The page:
The Pasco County, Florida Sheriff’s Office allegedly has a private database of parents and children they say are likely to become “prolific offenders.” Most of these individuals have no idea they are on the list and now, civil rights and privacy groups are saying it’s illegal and discriminatory.
Throwback to when Ronny Chieng went to Chinatown in response to Jesse Watters’s racist segment about Chinese-Americans.
A man who sued the maker of Canada Dry ginger ale, claiming the brand falsely implied its soda had health benefits, is now $200,000 richer.
The maker of Canada Dry ginger ale settled a class-action false-advertising lawsuit filed by British Columbia man Victor Cardoso, who claimed to have spent years buying the carbonated beverage for his family thinking it had medicinal benefits based on its label promoting it as “Made from Real Ginger” and “Natural,” CTV News reported.
Canada Dry Mott’s agreed to pay $200,000 plus $18,607 in disbursements, even though the company “expressly denies liability and is not required to change its product labeling or advertising for products marketed in Canada,” court documents say.
The company also agreed it would no longer make claims that its ginger ale is “Made from Real Ginger” in class-action lawsuits also filed in the U.S., according to CTV News.
Cardoso argued in the lawsuit that Canada Dry’s product labeling aimed to “capitalize” on consumer’s perception of ginger and its health benefits, despite Canada Dry making no direct health benefit claims about the ginger ale.
“They do buy actual ginger, but then what they do is they boil it in ethanol, and that essentially destroys any nutritional or medicinal benefits,” Mark C. Canofari, a lawyer who represented Cardoso’s claim, said in a statement, according to CTV News.
Source: Fox News
Throughout the U.S. presidential campaign, Donald Trump has been deflecting criticism of his handling of COVID-19 by blaming China.
But the relentless linking of the pandemic to China has had negative consequences for Asian Americans, including CNN correspondent Amara Walker.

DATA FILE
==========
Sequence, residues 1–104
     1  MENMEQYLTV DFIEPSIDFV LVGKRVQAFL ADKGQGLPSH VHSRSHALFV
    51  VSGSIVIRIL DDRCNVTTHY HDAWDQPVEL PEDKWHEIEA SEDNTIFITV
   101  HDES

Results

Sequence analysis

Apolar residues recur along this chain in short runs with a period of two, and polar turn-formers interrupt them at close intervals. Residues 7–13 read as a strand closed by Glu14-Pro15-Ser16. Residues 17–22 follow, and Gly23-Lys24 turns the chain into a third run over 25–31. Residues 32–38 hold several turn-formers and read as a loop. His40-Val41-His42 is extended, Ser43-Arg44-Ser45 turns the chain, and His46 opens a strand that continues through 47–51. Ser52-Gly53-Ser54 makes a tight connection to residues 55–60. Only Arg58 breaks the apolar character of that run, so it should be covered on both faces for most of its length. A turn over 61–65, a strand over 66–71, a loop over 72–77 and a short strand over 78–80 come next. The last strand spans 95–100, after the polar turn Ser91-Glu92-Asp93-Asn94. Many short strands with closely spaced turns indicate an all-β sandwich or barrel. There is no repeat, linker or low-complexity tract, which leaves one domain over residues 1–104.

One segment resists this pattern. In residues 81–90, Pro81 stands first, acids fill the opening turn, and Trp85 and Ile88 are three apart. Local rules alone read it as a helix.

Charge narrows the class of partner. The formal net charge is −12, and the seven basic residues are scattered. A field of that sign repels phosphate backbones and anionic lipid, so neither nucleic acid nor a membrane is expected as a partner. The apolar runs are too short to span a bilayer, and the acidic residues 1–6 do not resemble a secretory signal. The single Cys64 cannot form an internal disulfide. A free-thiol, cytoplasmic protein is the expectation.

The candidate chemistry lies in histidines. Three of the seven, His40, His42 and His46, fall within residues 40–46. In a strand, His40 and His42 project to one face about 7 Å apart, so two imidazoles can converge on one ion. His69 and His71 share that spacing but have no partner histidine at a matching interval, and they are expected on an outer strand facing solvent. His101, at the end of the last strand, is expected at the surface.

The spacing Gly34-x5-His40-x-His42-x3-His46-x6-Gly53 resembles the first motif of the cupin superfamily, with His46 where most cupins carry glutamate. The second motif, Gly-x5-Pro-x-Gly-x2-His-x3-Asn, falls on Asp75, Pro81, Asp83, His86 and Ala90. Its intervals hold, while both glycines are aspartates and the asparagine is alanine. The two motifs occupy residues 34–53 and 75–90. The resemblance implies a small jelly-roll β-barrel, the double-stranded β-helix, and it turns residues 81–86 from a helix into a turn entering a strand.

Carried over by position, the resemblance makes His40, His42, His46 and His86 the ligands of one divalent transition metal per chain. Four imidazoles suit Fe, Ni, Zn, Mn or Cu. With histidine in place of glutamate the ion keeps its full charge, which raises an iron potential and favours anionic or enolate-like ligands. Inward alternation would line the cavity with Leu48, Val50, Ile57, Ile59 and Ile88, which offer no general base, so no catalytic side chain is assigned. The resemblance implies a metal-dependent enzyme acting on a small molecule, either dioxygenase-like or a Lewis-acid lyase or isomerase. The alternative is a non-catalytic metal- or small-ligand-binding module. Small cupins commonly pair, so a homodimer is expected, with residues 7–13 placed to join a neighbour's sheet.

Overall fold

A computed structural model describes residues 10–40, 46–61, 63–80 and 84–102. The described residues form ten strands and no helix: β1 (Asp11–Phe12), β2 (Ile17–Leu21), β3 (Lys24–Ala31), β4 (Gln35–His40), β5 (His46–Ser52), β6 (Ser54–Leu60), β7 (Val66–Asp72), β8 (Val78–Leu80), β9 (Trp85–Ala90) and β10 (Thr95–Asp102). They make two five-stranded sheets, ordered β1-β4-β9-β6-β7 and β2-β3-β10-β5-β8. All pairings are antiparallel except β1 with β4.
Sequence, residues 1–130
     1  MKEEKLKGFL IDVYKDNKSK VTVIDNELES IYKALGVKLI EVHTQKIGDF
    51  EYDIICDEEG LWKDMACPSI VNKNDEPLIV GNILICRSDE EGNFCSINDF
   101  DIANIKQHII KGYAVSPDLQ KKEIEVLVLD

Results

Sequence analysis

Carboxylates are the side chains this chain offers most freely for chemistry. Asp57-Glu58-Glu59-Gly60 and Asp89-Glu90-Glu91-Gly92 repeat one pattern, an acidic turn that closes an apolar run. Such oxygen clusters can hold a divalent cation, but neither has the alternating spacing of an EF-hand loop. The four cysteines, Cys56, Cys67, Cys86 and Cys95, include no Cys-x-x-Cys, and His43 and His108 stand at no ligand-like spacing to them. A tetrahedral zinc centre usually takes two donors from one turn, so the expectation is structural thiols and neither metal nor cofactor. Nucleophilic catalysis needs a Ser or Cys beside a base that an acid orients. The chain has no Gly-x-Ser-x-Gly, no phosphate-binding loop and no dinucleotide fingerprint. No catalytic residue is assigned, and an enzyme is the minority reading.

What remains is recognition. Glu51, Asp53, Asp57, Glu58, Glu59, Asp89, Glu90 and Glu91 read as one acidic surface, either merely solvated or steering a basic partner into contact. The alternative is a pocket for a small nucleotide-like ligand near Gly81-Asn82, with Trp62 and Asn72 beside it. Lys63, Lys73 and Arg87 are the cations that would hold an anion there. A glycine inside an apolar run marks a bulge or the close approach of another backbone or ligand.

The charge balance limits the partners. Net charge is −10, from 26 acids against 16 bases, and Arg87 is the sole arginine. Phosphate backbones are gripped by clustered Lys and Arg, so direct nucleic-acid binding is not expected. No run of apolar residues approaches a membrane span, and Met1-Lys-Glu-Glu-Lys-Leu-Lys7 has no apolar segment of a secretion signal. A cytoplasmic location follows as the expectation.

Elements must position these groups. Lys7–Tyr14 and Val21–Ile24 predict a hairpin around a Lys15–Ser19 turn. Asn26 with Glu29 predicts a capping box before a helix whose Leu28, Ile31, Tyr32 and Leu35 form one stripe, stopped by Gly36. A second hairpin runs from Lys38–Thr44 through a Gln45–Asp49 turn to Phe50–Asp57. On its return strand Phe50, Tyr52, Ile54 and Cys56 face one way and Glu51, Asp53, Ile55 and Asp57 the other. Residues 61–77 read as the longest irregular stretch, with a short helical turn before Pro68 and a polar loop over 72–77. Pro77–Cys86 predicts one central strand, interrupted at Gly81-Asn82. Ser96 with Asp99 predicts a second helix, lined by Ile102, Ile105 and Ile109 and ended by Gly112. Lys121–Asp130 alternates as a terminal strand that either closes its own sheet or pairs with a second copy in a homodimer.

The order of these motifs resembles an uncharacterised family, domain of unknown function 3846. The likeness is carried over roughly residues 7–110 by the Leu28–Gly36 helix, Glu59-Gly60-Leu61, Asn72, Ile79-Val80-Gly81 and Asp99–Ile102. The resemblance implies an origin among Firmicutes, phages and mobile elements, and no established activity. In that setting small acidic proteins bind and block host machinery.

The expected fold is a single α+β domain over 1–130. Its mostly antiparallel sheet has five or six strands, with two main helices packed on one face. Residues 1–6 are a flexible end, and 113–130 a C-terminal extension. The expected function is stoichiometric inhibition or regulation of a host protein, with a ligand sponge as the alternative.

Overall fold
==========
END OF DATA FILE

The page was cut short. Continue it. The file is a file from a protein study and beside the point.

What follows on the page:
She recently described experiencing three anti-Asian racist incidents within an hour while traveling through Louis Armstrong New Orleans International Airport.
Following these events, Walker described what happened in a lengthy Twitter thread.
The journalist confronted the man about his actions earlier, but he denied the incident and walked away.
Minutes after her first encounter, while Walker was explaining to her producer what happened, a young man without a mask approached them and asked her if she spoke English.
The unnamed man mumbled incoherently and allegedly started throwing obscenities at Walker. At this point, her producer and the other people nearby demanded the man to leave her alone.
Walker’s producer called airport security, but the officer who arrived angrily denied that what the young man did was racist.
“That was not racist! Ok? Asking if she speaks English is not racist, ok? Do you understand me?” the officer allegedly said.
“Asian Americans across the country deal with this on a regular basis and we’re not talking about it,” she said. “Many Asian Americans don’t raise our voices, including myself. I’ve probably wouldn’t have written about this if this wasn’t so egregious.”
In what the company calls a “firm stance against racism,” the review site Yelp will warn consumers when a business has been reported for racist behavior.
The company said it would only add this alert to a business page “when there’s resounding evidence of egregious, racist actions from a business owner or employee.”
This will include behavior such as “using overtly racist slurs or symbols.”
“As the nation reckons with issues of systemic racism, we’ve seen in the last few months that there is a clear need to warn consumers about businesses associated with egregious, racially-charged actions to help people make more informed spending decisions,” the San Francisco-based company said in a Thursday statement.
On social media, the announcement prompted some praise, but also skepticism from users who questioned how the initiative would be enforced.
The company said the alert will require a news article from a “credible media outlet.” A link to the article will accompany the notice, and it will appear over the reviews until dismissed.
The newspaper is taking an unflinching look at its history, as institutions across America reflect on racial inequality.
ABC News’ Deborah Roberts reports on Nancy Green, the woman born into slavery who went on to create the Aunt Jemima pancake recipe, and whose family hopes to preserve her legacy.
Joe Rogan entertains millions of listeners with episodes of his podcast “The Joe Rogan Experience,” but not everyone is thrilled about the UFC commentator’s large following.
On Thursday, “Charmed” actress and political activist Alyssa Milano took to Twitter to express her frustrations that “The Joe Rogan Experience” has more listeners than her “Sorry Not Sorry” podcast. As seen in the tweet below, Milano acknowledged that Rogan’s show has three times as many listeners as her own.
Users also noted that the difference in listeners between the two shows could be due to the fact that Rogan’s podcast is over 10 years old, while hers has only been in existence for a little over a year.